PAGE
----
A long "white cloud" - not New Zealand - hovers over the landscape of Mars.
And it's not an actual cloud.
Or Perseverance smoking the Great Barrier Reefer in a Michael Dooblé. Thanks for the stitch up on the cover image Clintern...
It's a long, bright water ice cloud stretching out over the Martian surface, not in the atmosphere. It extends about 1,800 kilometers from the Arsia Mons volcano all the way to the volcano Olympus Mons, the tallest mountain in the solar system.
What's stranger still is the cloud recurs every year around Mars' southern solstice, with the cloud forming and fading daily for 80 or more days at a time on the Red Planet.
While the cloud isn't new, it's hard to image as a whole because of Mars' dynamic atmosphere and the difficulties of observing the surface from orbit.
Below is the best view of the cloud yet thanks to a special tool: the Visual Monitoring Camera (VMC), or its nickname the 'Mars Webcam'.
A Mars Express image of Arsia Mons on Mars and its strange long cloud, taken on July 19, 2020. (Image credit: ESA/GCP/UPV/EHU Bilbao)
In a new study, astronomers using this data have discovered new details about the long cloud, including how big it can really get and the complex variables at play in the climate system surrounding it.
The VMC was originally installed to spot the Beagle 2 lander, a British Mars lander that was declared lost and is speculated to have crashed.
"However, recently, the VMC was reclassified as a camera for science," said Jorge Hernández Bernal, an astronomer and lead author of the study. "Repurposing the VMC has successfully enabled us to understand this transient cloud in a way that wouldn’t have been possible otherwise," followed Dmitrij Titov, ESA's Mars Express project scientist. The tool allows scientists to "track clouds, monitor dust storms, probe cloud and dust structures in the Martian atmosphere, explore changes in the planet’s polar ice caps, and more," he added.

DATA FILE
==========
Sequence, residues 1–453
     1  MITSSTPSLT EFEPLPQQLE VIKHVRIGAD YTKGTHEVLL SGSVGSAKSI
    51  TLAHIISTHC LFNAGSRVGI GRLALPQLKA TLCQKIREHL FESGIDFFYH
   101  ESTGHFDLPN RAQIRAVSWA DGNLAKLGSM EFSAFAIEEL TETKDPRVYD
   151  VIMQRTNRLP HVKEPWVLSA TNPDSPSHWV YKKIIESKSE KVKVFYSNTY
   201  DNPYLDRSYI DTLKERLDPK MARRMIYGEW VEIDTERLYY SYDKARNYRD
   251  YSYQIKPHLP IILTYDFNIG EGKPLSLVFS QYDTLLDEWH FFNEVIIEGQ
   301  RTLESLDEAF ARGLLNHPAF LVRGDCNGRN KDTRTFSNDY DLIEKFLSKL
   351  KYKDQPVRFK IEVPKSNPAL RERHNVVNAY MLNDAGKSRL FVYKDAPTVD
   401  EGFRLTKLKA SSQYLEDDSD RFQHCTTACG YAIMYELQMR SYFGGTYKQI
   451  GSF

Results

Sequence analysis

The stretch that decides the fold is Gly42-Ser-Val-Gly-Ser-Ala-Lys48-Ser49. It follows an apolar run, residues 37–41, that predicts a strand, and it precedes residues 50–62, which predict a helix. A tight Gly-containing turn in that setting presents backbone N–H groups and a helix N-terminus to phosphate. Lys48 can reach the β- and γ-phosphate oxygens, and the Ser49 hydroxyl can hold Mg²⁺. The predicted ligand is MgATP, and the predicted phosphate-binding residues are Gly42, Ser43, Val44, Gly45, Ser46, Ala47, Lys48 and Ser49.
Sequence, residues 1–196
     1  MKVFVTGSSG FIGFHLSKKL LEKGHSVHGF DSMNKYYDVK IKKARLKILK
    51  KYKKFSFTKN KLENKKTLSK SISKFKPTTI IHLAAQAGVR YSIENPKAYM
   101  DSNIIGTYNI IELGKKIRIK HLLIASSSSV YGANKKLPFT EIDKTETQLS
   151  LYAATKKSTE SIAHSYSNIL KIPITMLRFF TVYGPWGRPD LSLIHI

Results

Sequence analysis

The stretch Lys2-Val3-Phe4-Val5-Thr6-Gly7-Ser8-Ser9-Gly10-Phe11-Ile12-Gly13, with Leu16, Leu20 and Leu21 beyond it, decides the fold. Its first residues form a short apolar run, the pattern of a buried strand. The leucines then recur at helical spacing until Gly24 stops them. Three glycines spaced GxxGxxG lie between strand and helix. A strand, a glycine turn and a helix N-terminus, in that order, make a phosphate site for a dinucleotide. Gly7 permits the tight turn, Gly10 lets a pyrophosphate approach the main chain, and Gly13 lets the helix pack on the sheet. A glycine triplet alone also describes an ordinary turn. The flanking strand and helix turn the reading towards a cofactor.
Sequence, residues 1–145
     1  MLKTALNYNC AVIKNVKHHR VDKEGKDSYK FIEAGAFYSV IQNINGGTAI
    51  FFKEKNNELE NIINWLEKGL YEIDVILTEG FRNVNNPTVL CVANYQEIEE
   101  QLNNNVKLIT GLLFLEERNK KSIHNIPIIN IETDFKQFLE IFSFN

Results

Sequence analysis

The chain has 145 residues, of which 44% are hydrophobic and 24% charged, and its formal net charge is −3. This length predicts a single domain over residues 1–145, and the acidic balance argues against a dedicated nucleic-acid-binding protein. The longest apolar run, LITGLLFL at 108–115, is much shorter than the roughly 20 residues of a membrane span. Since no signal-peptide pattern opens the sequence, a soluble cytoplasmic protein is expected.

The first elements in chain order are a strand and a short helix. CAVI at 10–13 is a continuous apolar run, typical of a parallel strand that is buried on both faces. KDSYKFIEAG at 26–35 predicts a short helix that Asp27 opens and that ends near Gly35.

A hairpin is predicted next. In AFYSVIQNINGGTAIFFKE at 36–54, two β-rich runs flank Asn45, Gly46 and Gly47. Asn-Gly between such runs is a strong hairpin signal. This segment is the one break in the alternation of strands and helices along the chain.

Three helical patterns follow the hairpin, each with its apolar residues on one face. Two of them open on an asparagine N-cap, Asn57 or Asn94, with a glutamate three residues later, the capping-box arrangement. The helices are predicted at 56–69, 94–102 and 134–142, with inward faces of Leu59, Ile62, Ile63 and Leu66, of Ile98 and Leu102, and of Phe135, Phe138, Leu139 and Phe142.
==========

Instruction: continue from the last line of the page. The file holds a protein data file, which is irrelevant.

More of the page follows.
Astronomers used data from the VMC, NASA's Mars Atmosphere and Volatile Evolution (MAVEN) Mars Reconnaissance Orbiter (MRO), the Viking 2 missions and the Indian Space Research Organization's Mars Orbiter Mission (MOM).
"We were especially excited when we dug into Viking 2’s observations from the 1970s. We found that this huge, fascinating cloud had already been partially imaged that long ago — and now we’re exploring it in detail." Bernal said.
Many missions have helped scientists to study this strange cloud on Mars. (Image credit: ESA)
The researchers found that, at its largest, the cloud measures out to be about 1,800 kilometers long and 150 km across. The cloud forms when wind is pushed upward by surface features like Arsia Mons and is the largest cloud of this type ever seen on the planet.
The cloud is also super responsive to environmental factors, often forming before sunrise then expanding rapidly for about two and a half hours. Its can growth can happen at speeds in excess of 600 kph before it stops and detaches from its point of origin and is stretched even more before evaporating in the late morning. While these clouds, called orographic clouds, do occur on Earth, they're never as big as this Martian one, nor as dynamic, making it especially mysterious.
Now that the researchers have better handle on the life cycle and patterns of this phenomena, it will enable them to more easily target and observe the cloud.
"Many Mars orbiters cannot begin observing this part of the surface until the afternoon due to the properties of their orbits, so this really is the first detailed exploration of this interesting feature — and it’s made possible by not only Mars Express’ diverse suite of instruments, but also its orbit," says study co-author and science lead for the VMC, Agustin Sánchez-Lavega.
We apologise if Clintern upset anyone over the cover image which we cannot be bothered changing.
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PS: Ahoy its me Clintern.
we just got in a bunch of ultra snuggly hoodies to beat the brisk.
If you're keen on imitating a warm wallaby, grab one here before they bounce!